Thursday, November 10, 2016

Book Review: Minding Frankie

Minding Frankie
Published By: Orion
Publication Date: September 2010
Page Count: 425
Source: Library
Audience: Adult - Contemporary

Noel Lynch has been lost in the bottom of a pint glass for most of his adult life, but things change drastically when a woman from his past, Stella, requests his presence at the hospital. His arrival at Stella's bedside proves to be a day of shock; Noel learns that not only is Stella dying, but that she is pregnant and she claims the baby is his. Noel can't fathom that he could have possibly fathered this child and he is at loss for how to proceed. 

While Noel is reeling from Stella's news, his cousin from America, Emily, is making herself at home in Dublin. She is encouraging to his parents and always has a word of advice for Noel. He immediately seeks out her help concerning Stella and the baby. After much debate, Noel decides to step up and do the right thing. It's very clear that Stella will not survive the birth. She will never see her baby daughter or hold her in her arms. As a new mom, I couldn't fathom this and even now my heart breaks for Stella. Baby Frankie draws her first breath while her mother is fading away.


The beginning of the novel was difficult and terribly sad, but things do take a turn for greener pastures aside from a few bittersweet moments here and there. In true Binchy fashion, Minding Frankie has a host of characters who were plodding through life, but find themselves more fulfilled as a result of Frankie. The baby brings people together and out of their dreary isolation. Noel has so many people supporting him as he starts treatment for his alcohol abuse and undertakes the raising of his daughter. I wish all communities operated this way.

The one dull spot in Noel's world is Moira, the social worker. Moira is convinced that Noel can never truly reform his drinking habits and that every day Frankie is with her father is a day that she is at risk. While I can certainly understand wanting to be sure that a child's best interests were being met, I couldn't understand her constant hounding of Noel and the venom that she spewed at him at every turn. I wanted to shake some sense into Moira. Her meddling causes so many unnecessary conflicts throughout the novel.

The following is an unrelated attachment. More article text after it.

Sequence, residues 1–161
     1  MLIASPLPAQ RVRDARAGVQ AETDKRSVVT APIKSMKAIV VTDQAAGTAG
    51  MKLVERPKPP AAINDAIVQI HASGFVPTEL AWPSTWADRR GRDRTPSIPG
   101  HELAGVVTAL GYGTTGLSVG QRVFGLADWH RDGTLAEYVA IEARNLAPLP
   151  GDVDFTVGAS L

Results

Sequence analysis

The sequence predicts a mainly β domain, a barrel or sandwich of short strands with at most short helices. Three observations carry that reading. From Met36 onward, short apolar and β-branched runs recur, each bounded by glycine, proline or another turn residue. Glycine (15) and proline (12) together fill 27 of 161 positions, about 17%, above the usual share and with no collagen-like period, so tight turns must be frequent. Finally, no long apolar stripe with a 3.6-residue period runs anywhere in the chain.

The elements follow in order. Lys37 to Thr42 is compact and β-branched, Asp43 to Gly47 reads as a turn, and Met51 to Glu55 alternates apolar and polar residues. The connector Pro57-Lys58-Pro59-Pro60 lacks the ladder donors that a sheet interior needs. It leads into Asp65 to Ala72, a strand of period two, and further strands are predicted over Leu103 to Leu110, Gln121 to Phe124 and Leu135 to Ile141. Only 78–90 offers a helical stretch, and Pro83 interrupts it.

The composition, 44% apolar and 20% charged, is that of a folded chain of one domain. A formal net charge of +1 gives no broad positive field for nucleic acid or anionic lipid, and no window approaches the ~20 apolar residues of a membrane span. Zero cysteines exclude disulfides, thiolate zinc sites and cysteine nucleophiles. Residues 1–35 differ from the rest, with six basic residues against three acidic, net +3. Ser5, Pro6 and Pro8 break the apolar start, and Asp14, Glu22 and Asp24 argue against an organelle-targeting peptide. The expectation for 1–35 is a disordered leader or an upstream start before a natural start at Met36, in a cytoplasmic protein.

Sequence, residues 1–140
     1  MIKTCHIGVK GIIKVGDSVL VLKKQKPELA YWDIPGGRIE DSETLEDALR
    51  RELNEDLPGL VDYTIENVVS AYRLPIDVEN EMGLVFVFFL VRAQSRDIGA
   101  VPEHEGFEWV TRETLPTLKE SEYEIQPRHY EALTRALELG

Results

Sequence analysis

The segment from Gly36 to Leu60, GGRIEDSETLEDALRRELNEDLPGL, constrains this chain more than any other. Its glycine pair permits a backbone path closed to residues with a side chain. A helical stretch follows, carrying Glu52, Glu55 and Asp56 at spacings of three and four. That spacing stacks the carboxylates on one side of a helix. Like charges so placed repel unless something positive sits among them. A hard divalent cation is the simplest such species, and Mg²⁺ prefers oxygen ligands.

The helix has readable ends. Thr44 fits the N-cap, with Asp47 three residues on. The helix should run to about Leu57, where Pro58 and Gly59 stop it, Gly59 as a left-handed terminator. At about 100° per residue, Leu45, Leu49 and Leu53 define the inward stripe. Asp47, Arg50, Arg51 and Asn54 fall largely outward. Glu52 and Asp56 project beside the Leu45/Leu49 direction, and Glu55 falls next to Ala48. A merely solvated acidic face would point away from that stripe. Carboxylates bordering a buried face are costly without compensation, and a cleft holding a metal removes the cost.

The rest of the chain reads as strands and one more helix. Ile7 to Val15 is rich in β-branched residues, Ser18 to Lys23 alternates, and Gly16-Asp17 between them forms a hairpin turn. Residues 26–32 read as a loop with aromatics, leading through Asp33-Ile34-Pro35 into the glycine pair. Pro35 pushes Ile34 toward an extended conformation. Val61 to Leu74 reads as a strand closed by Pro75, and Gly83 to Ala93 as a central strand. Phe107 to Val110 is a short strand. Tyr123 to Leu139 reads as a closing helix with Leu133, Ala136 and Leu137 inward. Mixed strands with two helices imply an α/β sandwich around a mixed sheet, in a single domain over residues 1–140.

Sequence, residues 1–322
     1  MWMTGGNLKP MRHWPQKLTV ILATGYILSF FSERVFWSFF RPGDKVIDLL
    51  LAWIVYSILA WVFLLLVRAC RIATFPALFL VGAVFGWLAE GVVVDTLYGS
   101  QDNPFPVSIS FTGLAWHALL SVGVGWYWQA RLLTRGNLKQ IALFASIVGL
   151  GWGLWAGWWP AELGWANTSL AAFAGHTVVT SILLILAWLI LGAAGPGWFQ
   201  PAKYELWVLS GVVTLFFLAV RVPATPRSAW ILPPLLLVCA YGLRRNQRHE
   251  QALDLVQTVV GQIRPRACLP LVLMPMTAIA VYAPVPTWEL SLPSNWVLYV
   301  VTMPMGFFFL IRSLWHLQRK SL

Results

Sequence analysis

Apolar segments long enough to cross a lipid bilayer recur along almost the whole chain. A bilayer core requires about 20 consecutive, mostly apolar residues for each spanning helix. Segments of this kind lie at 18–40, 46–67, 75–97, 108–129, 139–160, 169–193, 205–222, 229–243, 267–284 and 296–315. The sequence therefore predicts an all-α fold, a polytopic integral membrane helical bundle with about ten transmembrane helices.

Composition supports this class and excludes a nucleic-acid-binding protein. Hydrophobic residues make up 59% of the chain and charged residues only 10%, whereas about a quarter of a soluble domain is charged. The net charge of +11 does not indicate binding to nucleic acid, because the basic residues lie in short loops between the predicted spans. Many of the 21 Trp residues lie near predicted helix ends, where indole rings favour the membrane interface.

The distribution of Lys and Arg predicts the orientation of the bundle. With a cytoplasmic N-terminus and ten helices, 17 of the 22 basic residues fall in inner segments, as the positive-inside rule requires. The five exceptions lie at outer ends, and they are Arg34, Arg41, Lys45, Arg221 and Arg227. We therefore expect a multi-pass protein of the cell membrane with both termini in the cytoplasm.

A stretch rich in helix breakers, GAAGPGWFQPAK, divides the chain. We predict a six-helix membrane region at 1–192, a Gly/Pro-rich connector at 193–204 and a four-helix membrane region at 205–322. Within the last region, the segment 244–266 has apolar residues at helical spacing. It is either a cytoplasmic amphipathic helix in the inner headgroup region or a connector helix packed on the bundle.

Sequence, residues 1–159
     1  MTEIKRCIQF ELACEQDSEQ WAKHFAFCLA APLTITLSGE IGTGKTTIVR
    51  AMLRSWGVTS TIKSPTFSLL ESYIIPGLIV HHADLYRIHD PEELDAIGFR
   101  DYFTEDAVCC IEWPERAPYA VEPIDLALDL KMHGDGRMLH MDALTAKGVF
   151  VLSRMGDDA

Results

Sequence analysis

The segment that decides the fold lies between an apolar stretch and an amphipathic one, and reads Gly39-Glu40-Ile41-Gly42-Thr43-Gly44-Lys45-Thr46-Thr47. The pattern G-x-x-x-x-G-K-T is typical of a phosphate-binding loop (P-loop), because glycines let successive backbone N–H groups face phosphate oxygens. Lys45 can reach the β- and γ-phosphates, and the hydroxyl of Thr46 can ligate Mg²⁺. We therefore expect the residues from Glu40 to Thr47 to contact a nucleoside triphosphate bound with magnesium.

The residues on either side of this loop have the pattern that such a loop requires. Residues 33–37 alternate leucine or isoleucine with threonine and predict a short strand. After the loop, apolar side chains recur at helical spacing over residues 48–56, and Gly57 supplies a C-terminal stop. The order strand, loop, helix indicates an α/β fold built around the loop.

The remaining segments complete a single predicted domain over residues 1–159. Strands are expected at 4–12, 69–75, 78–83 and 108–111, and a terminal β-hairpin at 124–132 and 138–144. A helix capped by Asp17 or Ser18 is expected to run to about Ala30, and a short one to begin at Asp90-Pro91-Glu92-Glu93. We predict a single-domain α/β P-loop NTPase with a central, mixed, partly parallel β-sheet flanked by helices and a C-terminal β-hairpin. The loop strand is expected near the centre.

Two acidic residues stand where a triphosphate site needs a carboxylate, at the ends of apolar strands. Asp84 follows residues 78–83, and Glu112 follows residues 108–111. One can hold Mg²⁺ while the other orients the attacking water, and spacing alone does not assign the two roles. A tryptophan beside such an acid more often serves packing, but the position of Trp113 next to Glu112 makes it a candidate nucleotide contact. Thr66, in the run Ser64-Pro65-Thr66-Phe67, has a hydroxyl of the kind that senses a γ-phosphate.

Aside from Noel and Frankie, a large portion of this novel is devoted to Emily, Noel's cousin, as she transitions from her life in New York City to a new life in Dublin. In some ways I envied Emily. She was able to start fresh in a new city with a new culture and new adventures. There is something freeing about that notion. Emily soon becomes an integral part of the lives of others in her Dublin neighborhood. She is the sort of character I would love to run into in real life as I know we'd be fast friends. Her steady calm is something I crave in my own life, but I have trouble maintaining something like that when the stresses of life intrude.

In addition to the wonderful cast of characters (which includes old favorites from other novels such as Declan and Fiona), I love the beauty of Dublin. Binchy has a way of bringing modern Ireland alive. Dublin sounds beautiful and full of complex, friendly people with rich history and vibrant culture. I hope to visit the city for myself some day.


One Last Gripe: I wasn't always ready to leave one character focus to jump to the next.

Favorite Thing About This Book: The emphasis on various forms of family

First Sentence: Katie Finglas was coming to the end of a tiring day in the salon.

Favorite Character: Emily

Least Favorite Character: Anton



Maeve Binchy is back with a tale of joy, heartbreak and hope, about a motherless girl collectively raised by a close-knit Dublin community.

When Noel learns that his terminally ill former flame is pregnant with his child, he agrees to take guardianship of the baby girl once she’s born. But as a single father battling demons of his own, Noel can’t do it alone. 

Fortunately, he has a competent, caring network of friends, family and neighbors: Lisa, his unlucky-in-love classmate, who moves in with him to help him care for little Frankie around the clock; his American cousin, Emily, always there with a pep talk; the newly retired Dr. Hat, with more time on his hands than he knows what to do with; Dr. Declan and Fiona and their baby son, Frankie’s first friend; and many eager babysitters, including old friends Signora and Aidan and Frankie’s doting grandparents, Josie and Charles. 

But not everyone is pleased with the unconventional arrangement, especially a nosy social worker, Moira, who is convinced that Frankie would be better off in a foster home. Now it’s up to Noel to persuade her that everyone in town has something special to offer when it comes to minding Frankie.

2 comments:

  1. I've had this one on my TBR list for a few years now, I think I might just have to dust it off and actually read it before the year is through. Lovely review, it certainly seems like a great read.
    -Kimberly @ Turning the Pages

    ReplyDelete
    Replies
    1. I highly recommend giving it a read. I enjoyed it and the cooperative spirit and love of this community is good for the soul. :)

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